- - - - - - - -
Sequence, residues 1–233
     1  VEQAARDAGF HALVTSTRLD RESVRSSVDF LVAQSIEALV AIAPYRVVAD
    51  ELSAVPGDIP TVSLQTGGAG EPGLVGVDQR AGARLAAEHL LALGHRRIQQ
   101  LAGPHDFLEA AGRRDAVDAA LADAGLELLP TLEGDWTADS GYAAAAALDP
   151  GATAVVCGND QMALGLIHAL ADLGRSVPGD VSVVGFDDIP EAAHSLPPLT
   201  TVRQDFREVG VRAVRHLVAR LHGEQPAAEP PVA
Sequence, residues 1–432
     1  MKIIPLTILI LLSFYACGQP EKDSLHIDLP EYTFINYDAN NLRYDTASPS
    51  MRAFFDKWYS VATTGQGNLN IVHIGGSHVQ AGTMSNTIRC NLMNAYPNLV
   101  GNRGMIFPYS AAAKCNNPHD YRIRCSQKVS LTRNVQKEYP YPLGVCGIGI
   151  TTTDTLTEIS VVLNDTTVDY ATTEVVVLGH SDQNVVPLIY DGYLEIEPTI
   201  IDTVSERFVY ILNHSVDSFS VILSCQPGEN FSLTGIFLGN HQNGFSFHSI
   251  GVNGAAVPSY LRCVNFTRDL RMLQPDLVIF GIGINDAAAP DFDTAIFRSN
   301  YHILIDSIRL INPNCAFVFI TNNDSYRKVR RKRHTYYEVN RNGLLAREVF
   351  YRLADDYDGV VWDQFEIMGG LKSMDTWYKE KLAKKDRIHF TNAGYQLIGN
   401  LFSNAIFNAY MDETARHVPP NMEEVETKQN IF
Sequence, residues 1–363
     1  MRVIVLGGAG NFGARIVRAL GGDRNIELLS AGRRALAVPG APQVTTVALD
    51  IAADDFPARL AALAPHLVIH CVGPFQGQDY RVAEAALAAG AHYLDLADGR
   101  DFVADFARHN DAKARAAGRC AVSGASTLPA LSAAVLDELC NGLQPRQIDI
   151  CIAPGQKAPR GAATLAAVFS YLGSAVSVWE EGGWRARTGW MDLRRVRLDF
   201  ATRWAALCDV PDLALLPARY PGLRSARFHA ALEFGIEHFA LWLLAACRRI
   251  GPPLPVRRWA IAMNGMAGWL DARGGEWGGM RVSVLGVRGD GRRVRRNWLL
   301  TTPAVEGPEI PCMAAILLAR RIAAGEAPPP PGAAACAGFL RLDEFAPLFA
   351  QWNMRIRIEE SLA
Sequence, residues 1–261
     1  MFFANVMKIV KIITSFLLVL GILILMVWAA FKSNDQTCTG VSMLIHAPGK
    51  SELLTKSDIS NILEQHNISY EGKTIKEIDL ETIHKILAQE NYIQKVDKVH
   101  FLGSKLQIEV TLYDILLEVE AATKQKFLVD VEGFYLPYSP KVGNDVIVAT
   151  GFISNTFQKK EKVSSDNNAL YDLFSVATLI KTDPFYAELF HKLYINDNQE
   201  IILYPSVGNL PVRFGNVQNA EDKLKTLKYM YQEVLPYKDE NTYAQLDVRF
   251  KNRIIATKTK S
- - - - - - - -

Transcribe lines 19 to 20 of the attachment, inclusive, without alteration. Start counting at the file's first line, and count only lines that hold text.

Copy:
    51  IAADDFPARL AALAPHLVIH CVGPFQGQDY RVAEAALAAG AHYLDLADGR
   101  DFVADFARHN DAKARAAGRC AVSGASTLPA LSAAVLDELC NGLQPRQIDI